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Two different techniques of browsing through a collection of spatial objects stored in an Rtree spatial data structure on the basis of their distances from an arbitrary spatial query object are compared. The conventional approach is one that makes use of a knearest neighbor algorithm where k is known prior to the invocation of the algorithm. Thus if m#kneighbors are needed, the knearest neighbor algorithm needs to be reinvoked for m neighbors, thereby possibly performing some redundant computations. The second approach is incremental in the sense that having obtained the k nearest neighbors, the k +1 st neighbor can be obtained without having to calculate the k +1nearest neighbors from scratch. The incremental approach finds use when processing complex queries where one of the conditions involves spatial proximity (e.g., the nearest city to Chicago with population greater than a million), in which case a query engine can make use of a pipelined strategy. A general incremental nearest neighbor algorithm is presented that is applicable to a large class of hierarchical spatial data structures. This algorithm is adapted to the Rtree and its performance is compared to an existing knearest neighbor algorithm for Rtrees [45]. Experiments show that the incremental nearest neighbor algorithm significantly outperforms the knearest neighbor algorithm for distance browsing queries in a spatial database that uses the Rtree as a spatial index. Moreover, the incremental nearest neighbor algorithm also usually outperforms the knearest neighbor algorithm when applied to the knearest neighbor problem for the Rtree, although the improvement is not nearly as large as for distance browsing queries. In fact, we prove informally that, at any step in its execution, the incremental...
Approximation Algorithms for Projective Clustering
 Proceedings of the ACM SIGMOD International Conference on Management of data, Philadelphia
, 2000
"... We consider the following two instances of the projective clustering problem: Given a set S of n points in R d and an integer k ? 0; cover S by k hyperstrips (resp. hypercylinders) so that the maximum width of a hyperstrip (resp., the maximum diameter of a hypercylinder) is minimized. Let w ..."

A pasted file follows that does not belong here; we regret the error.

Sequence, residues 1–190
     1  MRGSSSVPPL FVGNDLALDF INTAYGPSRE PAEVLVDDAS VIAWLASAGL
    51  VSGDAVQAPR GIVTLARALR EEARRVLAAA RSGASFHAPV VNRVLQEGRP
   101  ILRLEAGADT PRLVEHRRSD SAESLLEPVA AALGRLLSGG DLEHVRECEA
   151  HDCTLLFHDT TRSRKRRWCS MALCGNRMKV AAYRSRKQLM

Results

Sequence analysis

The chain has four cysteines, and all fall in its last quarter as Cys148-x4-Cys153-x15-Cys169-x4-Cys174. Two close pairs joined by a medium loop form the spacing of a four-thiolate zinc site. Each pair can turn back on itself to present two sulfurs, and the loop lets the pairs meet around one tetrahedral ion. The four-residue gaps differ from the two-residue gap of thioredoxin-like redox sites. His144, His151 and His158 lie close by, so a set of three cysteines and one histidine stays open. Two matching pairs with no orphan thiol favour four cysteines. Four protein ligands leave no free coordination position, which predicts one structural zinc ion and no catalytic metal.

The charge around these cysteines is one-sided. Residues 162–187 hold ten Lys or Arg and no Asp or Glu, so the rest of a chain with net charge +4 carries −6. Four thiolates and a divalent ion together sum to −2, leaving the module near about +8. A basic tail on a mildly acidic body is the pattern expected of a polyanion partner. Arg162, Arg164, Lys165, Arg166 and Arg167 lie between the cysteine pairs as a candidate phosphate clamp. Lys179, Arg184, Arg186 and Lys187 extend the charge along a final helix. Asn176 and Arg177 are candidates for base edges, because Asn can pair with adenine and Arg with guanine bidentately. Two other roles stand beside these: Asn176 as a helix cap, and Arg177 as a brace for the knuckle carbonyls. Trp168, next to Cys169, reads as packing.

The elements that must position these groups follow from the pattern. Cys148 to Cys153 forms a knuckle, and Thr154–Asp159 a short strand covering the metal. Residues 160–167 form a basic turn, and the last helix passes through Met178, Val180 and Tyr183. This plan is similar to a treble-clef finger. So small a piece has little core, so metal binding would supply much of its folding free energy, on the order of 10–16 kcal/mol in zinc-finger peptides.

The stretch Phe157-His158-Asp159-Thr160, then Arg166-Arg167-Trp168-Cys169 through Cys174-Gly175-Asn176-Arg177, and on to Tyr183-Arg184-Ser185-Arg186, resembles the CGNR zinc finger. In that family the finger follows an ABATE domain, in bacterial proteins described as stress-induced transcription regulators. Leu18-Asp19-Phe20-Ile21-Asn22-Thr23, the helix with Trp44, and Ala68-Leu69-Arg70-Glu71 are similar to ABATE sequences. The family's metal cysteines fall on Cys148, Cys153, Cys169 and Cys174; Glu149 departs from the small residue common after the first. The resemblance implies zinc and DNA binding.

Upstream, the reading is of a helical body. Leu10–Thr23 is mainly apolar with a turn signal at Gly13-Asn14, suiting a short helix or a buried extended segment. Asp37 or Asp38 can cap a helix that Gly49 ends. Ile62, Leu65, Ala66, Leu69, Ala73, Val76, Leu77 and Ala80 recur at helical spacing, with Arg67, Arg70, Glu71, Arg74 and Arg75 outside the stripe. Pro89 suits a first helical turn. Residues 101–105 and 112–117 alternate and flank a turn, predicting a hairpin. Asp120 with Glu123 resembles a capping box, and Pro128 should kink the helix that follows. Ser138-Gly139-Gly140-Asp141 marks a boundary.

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Cited by 247 (21 self)
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We consider the following two instances of the projective clustering problem: Given a set S of n points in R d and an integer k ? 0; cover S by k hyperstrips (resp. hypercylinders) so that the maximum width of a hyperstrip (resp., the maximum diameter of a hypercylinder) is minimized. Let w be the smallest value so that S can be covered by k hyperstrips (resp. hypercylinders), each of width (resp. diameter) at most w : In the plane, the two problems are equivalent. It is NPHard to compute k planar strips of width even at most Cw ; for any constant C ? 0 [50]. This paper contains four main results related to projective clustering: (i) For d = 2, we present a randomized algorithm that computes O(k log k) strips of width at most 6w that cover S. Its expected running time is O(nk 2 log 4 n) if k 2 log k n; it also works for larger values of k, but then the expected running time is O(n 2=3 k 8=3 log 4 n). We also propose another algorithm that computes a c...
MindReader: Querying databases through multiple examples
 In Proc. of the 24 th VLDB Conference
, 1998